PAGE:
The voice search revolution is here.
With statistics like 41% of adults conducting at least one voice-based search a day and 30% of all searches are predicted to be made without a screen in 2020, there is no doubt Alexa and Siri are going to become our best friends in the near future.
But where does this leave search engine optimisation (SEO)? How does a method that relies on how users search for queries adapt to technology that is changing this exact process?
The impact of voice search on SEO
Voice search is definitely a key SEO trend for the following 12 months and beyond. The long-term impact it will have on SEO as we know it is yet to be concluded, but starting to prepare now can avoid being left behind in the future.
Voice search means digital marketers will have to consider…
- High competition for top rankings
The popularity of voice search is down to the user receiving the correct information they are looking for quickly. Therefore, targeting keywords with low competition but high rankings will be pivotal in order to create conversions.
- Featured snippets
Google featured snippets are commonly referenced during voice searches, so ensuring you are including these and your brand is acknowledged is absolutely vital.
- Mobile optimisation
As 20% of queries on mobile are voice searches, if you’re not putting mobile first when it comes to your digital strategy, you will definitely need to consider this when it comes to voice search.
How to optimise SEO content for voice search
So where does voice search leave traditional SEO?
The main difference is how people search for queries via voice. For example, if I wanted to know the weather in Bournemouth today, I might Google search ‘Bournemouth weather’. Whereas with voice search, I would ask ‘OK Google, what’s the weather like in Bournemouth today?’ Therefore, a long tail phrase and keyword strategy are needed in order to optimise for voice search.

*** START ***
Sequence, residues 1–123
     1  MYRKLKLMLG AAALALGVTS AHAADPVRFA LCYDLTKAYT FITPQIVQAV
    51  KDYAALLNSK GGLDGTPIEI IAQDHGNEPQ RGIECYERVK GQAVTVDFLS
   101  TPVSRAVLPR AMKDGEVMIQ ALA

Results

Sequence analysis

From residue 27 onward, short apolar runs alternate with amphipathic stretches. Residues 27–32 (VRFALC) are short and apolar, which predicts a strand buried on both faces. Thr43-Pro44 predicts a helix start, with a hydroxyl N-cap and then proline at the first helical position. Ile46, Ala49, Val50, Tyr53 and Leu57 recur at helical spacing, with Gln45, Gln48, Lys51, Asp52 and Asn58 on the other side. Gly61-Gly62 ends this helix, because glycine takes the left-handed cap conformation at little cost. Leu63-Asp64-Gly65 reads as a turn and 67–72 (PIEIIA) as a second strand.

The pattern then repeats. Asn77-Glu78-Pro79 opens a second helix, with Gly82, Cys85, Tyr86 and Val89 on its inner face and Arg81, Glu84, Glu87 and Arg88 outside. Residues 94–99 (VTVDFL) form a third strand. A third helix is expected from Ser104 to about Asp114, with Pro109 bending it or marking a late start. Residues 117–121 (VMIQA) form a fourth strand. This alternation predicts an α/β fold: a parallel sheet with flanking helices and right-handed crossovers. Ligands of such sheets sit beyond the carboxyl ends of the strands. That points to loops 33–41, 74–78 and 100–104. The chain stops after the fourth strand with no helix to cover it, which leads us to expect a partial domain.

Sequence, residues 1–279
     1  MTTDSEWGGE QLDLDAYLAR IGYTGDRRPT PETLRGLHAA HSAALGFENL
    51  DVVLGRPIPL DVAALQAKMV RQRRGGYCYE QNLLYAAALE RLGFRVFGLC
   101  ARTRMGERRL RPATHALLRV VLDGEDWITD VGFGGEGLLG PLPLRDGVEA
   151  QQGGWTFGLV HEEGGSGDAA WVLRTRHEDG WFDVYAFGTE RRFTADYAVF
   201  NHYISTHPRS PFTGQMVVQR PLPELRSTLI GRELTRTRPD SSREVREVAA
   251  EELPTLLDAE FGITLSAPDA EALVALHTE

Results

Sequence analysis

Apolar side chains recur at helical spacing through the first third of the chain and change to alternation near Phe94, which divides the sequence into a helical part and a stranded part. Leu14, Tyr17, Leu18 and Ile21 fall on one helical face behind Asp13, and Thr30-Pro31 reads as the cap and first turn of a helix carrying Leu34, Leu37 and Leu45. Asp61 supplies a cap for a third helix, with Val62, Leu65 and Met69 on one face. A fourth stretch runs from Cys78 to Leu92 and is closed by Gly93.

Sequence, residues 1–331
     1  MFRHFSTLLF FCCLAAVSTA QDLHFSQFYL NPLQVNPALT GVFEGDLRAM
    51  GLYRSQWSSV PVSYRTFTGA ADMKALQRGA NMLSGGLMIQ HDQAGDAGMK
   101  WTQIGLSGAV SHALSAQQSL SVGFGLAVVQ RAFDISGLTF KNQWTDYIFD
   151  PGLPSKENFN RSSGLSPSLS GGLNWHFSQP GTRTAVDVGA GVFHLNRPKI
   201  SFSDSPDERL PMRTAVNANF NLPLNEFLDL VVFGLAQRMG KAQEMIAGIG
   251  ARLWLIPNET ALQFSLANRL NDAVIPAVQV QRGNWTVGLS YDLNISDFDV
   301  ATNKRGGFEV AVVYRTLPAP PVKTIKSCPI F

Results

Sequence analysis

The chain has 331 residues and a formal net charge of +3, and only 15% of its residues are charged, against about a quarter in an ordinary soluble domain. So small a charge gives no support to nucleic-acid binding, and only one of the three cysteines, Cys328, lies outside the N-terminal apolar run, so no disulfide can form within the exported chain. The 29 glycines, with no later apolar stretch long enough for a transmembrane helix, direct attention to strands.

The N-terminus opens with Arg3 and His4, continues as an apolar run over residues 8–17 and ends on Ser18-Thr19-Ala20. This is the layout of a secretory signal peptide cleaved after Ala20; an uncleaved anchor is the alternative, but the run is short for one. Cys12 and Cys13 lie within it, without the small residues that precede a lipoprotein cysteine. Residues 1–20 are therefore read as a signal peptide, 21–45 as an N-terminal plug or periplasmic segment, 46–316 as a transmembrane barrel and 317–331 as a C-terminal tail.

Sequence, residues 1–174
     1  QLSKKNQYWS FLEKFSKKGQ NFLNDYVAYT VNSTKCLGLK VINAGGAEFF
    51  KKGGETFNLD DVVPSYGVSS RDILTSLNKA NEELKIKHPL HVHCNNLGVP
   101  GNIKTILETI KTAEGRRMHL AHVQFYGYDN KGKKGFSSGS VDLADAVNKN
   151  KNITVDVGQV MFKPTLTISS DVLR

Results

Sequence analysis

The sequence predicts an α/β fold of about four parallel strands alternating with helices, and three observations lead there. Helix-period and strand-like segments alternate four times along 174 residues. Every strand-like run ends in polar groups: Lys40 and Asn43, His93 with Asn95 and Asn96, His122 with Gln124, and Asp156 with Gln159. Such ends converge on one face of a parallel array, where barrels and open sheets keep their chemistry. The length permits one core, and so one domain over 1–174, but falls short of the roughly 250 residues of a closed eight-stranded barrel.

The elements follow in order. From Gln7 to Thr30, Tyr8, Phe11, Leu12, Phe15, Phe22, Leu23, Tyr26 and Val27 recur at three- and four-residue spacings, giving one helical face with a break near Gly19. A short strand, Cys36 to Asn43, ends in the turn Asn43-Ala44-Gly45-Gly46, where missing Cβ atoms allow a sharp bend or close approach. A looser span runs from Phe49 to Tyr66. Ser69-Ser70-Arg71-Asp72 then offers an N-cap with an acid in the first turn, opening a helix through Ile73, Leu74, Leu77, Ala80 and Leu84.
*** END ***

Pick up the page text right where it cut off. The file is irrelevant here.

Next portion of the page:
Almost 10% of voice searches start with who, what, when, where, why, how. As voice search encourages the user to use natural language rather than static keywords, this paves the way for a new content revolution.
Voice search could banish keyword stuffing and irrelevant content; instead, we are now encouraged to produce content that solves a problem and provides the user with the answers they were looking for.
You can’t seem to read a marketing blog without the phrase ‘content is king’, but that’s because it’s true. Not only is there a king, there is now a queen — the user. Content should answer exactly what the user wants.
The ultimate conclusion? User experience (UX) is the bridge between voice search and SEO. Research into how users are seamlessly integrating voice search into their everyday tasks will guide content creation and optimisation, ensuring there is still a place for SEO within voice search.
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